Making the most of these vital opportunities means running marketing campaigns to get the word out on new menus, new offers and exciting events that will set your business apart from the competition. 

Choosing the right moment and material to achieve this is crucial, then building interest through the right subject line and composition is no easy feat, but getting it right can have a big impact on your conversion rates.

If this kind of marketing is something you may struggle with, there are many booking request email templates available online, and guides to help you understand what principles you need to follow. Epos Now has written articles explaining the four Ps and seven Ps of marketing respectively, but in short, these are:

  • Product - Promotional emails do not tend to simply advertise the business, but a specific product (or range of products) that the customer can purchase which fulfills an anticipated need that they have.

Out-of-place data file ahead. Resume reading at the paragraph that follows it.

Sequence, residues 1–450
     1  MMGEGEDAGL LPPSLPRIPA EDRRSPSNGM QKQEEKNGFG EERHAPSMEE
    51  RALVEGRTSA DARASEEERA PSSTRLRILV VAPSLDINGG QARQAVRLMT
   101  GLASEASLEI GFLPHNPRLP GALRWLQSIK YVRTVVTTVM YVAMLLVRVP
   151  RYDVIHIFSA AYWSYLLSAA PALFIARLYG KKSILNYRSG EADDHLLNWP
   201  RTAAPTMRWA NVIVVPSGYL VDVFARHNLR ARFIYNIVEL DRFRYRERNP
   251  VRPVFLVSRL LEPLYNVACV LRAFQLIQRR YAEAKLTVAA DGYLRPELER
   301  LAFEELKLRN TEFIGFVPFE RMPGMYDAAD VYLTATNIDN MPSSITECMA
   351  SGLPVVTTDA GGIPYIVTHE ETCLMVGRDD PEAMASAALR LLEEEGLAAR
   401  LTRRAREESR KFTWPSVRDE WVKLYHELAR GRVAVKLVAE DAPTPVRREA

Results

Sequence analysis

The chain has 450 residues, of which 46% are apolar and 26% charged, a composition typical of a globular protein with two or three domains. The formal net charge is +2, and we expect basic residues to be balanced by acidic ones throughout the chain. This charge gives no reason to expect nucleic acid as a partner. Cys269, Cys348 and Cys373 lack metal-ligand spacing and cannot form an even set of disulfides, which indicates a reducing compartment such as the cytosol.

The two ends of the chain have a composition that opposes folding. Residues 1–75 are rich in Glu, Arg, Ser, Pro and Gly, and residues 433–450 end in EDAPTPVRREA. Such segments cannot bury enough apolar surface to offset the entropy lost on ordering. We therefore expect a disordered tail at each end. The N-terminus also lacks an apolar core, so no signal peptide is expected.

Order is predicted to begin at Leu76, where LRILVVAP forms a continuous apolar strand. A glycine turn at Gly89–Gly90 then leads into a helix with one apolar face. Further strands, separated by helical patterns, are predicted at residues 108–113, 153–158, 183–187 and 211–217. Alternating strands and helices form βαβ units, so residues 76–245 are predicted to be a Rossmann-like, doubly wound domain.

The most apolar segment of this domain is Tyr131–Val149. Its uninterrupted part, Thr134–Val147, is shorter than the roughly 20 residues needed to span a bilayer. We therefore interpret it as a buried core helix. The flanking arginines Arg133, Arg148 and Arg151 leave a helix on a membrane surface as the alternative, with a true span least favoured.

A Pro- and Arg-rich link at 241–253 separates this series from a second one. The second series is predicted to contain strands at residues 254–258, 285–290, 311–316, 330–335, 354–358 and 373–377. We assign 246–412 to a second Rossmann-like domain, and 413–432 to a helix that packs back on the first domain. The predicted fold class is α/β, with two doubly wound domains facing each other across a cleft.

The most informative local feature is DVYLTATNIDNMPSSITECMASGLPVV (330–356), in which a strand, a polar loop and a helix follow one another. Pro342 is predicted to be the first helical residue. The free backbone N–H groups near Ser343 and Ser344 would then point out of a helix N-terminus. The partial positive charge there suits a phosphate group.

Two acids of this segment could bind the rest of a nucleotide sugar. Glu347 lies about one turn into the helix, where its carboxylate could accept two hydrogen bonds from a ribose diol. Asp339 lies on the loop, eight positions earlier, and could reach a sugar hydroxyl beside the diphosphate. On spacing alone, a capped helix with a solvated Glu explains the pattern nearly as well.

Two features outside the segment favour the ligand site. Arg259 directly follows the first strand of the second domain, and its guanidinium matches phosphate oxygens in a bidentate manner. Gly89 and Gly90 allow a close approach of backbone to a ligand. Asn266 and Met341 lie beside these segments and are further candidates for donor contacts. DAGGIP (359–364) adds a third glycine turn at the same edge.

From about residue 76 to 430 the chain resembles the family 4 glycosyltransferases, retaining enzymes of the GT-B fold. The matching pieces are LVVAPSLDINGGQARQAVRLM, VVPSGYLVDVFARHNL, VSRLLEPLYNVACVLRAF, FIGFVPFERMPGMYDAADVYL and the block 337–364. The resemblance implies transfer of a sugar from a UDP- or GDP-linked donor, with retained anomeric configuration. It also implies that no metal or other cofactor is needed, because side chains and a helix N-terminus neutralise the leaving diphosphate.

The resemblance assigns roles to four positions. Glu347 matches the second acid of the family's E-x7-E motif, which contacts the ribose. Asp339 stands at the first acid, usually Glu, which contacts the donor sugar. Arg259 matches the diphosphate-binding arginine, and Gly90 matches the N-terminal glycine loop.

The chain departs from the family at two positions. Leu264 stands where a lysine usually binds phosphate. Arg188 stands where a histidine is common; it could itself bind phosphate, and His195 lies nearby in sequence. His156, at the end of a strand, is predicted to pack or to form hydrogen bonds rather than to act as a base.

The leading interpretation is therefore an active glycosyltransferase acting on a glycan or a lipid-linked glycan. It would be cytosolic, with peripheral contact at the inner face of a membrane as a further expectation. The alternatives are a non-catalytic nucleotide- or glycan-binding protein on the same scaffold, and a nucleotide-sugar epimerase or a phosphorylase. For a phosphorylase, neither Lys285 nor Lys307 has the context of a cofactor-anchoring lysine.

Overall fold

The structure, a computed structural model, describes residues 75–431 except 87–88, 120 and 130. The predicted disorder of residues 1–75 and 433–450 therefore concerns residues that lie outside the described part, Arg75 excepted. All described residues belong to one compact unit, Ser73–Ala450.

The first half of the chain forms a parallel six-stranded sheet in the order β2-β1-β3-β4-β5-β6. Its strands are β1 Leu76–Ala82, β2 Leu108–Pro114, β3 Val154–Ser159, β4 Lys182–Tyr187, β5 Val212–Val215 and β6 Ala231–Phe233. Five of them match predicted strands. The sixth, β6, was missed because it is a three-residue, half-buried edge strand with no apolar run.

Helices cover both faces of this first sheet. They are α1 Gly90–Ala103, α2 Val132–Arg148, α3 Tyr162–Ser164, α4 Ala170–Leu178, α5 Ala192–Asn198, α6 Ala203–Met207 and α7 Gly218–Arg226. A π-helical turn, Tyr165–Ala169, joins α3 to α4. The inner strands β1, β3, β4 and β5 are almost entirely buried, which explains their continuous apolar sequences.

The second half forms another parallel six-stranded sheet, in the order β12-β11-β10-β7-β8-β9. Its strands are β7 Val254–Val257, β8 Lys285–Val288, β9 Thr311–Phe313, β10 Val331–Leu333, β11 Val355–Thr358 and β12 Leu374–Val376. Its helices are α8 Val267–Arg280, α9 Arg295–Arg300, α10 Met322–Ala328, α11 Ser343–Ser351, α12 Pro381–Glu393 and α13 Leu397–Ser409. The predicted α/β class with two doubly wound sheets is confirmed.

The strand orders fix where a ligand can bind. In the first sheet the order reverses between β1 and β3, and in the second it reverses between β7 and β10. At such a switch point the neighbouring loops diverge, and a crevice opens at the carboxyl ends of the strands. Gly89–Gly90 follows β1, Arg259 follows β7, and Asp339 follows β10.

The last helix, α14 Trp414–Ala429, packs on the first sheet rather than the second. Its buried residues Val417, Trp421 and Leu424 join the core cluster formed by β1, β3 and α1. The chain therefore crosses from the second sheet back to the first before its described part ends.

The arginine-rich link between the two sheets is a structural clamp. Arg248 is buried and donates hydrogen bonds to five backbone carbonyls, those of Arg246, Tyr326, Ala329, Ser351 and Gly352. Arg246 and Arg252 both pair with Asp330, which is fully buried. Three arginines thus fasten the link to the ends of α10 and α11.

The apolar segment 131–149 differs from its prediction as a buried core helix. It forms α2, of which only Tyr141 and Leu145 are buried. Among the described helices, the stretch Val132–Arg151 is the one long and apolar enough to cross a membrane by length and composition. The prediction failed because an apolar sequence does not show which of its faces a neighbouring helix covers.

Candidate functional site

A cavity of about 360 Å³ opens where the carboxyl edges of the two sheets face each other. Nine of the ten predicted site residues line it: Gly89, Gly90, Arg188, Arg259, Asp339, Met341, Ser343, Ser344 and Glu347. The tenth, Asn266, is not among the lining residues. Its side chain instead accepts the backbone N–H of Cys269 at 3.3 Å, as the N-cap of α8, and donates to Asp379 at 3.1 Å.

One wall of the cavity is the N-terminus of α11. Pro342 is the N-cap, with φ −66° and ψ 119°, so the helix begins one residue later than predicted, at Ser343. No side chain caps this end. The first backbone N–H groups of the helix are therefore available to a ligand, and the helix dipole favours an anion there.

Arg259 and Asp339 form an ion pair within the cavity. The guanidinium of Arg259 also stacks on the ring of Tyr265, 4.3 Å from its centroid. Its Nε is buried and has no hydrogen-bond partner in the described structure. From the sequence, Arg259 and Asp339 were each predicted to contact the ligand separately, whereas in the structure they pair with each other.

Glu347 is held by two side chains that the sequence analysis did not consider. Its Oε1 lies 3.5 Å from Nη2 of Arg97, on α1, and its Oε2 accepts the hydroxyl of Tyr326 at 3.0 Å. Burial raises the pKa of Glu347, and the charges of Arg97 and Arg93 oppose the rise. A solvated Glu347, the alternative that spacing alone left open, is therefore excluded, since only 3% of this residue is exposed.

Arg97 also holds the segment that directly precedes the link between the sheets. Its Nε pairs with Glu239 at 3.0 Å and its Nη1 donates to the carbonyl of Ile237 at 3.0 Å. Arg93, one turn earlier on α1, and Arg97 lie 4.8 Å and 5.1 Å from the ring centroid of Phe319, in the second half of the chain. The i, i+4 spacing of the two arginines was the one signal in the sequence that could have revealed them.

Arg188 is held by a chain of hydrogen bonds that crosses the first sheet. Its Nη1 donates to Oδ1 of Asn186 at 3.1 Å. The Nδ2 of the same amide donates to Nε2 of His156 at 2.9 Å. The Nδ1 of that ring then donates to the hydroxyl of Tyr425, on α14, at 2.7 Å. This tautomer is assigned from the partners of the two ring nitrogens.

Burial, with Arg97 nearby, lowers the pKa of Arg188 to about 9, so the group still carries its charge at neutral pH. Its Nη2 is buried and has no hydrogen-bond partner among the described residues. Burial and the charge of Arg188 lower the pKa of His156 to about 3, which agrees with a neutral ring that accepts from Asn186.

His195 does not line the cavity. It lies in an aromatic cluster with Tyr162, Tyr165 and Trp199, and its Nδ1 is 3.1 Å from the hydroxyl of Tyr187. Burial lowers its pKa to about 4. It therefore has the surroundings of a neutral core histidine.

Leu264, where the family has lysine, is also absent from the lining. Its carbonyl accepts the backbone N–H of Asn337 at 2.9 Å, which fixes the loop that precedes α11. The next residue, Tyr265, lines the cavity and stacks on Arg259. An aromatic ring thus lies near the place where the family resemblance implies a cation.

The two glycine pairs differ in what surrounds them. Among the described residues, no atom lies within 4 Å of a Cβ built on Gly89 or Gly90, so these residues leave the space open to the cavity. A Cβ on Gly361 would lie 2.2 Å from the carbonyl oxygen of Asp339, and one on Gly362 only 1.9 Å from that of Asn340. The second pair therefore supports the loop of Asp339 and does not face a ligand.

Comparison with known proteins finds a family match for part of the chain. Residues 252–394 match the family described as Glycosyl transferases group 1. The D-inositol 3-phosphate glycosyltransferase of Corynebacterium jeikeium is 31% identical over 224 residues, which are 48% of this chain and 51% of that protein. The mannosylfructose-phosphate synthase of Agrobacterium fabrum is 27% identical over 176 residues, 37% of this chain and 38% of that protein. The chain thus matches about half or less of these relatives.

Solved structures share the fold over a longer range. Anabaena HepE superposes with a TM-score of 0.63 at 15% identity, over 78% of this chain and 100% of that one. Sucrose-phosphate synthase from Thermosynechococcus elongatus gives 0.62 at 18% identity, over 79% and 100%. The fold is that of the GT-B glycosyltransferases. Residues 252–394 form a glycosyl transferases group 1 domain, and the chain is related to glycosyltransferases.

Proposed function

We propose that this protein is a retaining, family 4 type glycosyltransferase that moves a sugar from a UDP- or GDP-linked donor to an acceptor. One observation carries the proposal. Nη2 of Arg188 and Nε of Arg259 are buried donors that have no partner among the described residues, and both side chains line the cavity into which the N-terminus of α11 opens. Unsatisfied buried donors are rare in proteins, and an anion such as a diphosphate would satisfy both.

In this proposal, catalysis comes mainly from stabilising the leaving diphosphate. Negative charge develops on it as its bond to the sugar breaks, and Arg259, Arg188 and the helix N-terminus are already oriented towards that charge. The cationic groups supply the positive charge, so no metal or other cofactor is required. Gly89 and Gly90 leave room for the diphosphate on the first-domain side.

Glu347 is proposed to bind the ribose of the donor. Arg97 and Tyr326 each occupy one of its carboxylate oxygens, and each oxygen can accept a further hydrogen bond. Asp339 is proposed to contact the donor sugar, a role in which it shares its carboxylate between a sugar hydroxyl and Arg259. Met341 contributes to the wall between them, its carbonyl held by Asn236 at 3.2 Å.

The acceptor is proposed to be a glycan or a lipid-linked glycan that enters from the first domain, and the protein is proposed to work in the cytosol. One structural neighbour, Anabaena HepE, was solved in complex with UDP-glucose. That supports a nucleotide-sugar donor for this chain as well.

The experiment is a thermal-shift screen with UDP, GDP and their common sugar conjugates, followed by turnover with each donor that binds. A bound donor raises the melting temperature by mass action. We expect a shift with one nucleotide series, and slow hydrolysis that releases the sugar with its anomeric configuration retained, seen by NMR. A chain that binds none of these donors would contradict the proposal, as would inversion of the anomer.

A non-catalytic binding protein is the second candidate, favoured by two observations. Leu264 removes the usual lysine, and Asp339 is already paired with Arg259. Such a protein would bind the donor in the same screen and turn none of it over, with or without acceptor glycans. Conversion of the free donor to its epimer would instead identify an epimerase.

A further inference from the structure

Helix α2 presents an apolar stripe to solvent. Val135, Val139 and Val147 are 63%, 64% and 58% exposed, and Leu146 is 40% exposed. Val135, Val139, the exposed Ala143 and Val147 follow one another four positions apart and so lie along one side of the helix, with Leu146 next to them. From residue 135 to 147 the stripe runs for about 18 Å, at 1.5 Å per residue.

• Place - Raising awareness of your location is a key part of business, especially in hospitality where your location is part of what you sell. Use of images, reference to nearby places of interest or even complementary businesses (though not competition) can be valuable to your business and can bring in the trade.
  • Price - The reader of your email will be aware they are reading marketing material, so informing them of the price is essential in your material. Pricing a product is difficult as going too high or too low can both be off-putting for some customers.
  • Promotion - The product or special event mentioned in your email will need to be remarkable in some way. This may be because it is discounted and you can advertise the knock-down price or special offer. Or the product may be sold in a unique way and for a limited time which provides urgency to the customer and motive for the email.